Farm Fresh Atlas, which began as a regional guide, is now a statewide collaborative resource to find farm-fresh foods wherever you go in Wisconsin. The atlas makes it easy to buy directly from the farmer, farmers’ markets, retail shops and restaurants that feature farm-fresh selections.
Farm Fresh Atlas was created in 2002 by REAP Food Group, a nonprofit located in Madison, Wisconsin, to promote sustainable, local food producers in southern Wisconsin. The individual atlases previously featured five regional areas of Wisconsin, in print and online portals. Now all five regions have come together under one umbrella.
“Wisconsin is known for its sustainable family farms and world-class food producers and we want to celebrate that bounty. We were awarded a grant in 2016 from the United States Department of Agriculture (USDA) to develop and promote a unified, statewide website,” said Helen Sarakinos, Executive Director for REAP Food Group. “The enhanced collaborative website (farmfreshatlas.org) is live and available for the public, farmers and restauranteurs who enjoy local food resources throughout our bountiful state. You can now find everything you need in one location.”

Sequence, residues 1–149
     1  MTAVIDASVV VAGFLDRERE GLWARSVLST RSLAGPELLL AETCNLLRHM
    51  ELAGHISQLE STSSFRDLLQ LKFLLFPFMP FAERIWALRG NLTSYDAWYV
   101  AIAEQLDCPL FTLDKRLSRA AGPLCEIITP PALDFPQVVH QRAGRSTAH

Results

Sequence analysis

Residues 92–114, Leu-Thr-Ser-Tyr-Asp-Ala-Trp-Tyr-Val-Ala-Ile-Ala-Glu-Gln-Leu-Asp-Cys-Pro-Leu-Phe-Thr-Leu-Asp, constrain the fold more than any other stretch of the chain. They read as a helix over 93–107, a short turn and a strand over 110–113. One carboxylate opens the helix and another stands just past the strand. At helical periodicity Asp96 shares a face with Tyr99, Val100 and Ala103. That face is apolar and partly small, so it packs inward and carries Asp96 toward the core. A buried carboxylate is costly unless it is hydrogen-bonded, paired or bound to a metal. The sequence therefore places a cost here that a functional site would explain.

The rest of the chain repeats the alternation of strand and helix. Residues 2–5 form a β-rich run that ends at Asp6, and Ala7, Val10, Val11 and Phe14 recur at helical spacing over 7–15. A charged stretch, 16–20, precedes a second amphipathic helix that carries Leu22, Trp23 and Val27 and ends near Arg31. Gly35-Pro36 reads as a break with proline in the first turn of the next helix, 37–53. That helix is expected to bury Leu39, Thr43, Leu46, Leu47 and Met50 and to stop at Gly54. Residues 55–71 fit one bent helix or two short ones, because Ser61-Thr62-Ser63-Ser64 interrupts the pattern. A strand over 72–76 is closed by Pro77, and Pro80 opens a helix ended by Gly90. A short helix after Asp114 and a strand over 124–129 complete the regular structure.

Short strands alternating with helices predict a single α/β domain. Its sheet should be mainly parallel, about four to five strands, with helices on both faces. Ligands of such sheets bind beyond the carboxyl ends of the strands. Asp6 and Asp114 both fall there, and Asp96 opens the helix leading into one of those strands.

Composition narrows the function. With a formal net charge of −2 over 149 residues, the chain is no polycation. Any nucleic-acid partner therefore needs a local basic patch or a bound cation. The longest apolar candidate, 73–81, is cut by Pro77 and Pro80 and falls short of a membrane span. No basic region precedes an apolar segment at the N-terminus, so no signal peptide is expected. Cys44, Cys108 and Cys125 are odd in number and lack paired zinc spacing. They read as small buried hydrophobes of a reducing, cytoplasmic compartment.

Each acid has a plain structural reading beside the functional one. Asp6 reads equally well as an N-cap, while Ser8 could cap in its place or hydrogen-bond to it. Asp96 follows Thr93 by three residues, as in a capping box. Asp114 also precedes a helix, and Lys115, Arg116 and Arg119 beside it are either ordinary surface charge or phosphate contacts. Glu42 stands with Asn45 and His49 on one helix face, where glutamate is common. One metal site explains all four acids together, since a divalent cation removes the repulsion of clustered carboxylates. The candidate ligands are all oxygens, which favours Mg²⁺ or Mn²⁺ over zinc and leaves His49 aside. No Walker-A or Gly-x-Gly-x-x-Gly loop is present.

The website currently features:
- 382 – Farmers & Food Producers
- 225 – Farmers’ Markets
- 82 – Restaurants/restauranteurs & bakeries
- 52 – Retailers who sell local food
- 37 – Organizations that support local growers
Each listed farm and business commits to the Farm Fresh Atlas pledge to ensure they practice environmental sustainability, treat workers fairly, and sell products that are grown or produced on a family or cooperatively-owned farm.
“We encourage everyone to visit the website,” continued Sarakinos. “Whether you’re a visitor to our state in search of the freshest produce, a dairy producer who wants to share your amazing products or a restauranteur who wants to connect with local producers, the Farm Fresh Atlas will help you find what you need. Our numbers are growing every day as more people discover the foods that make Wisconsin one of the most bountiful agricultural states.”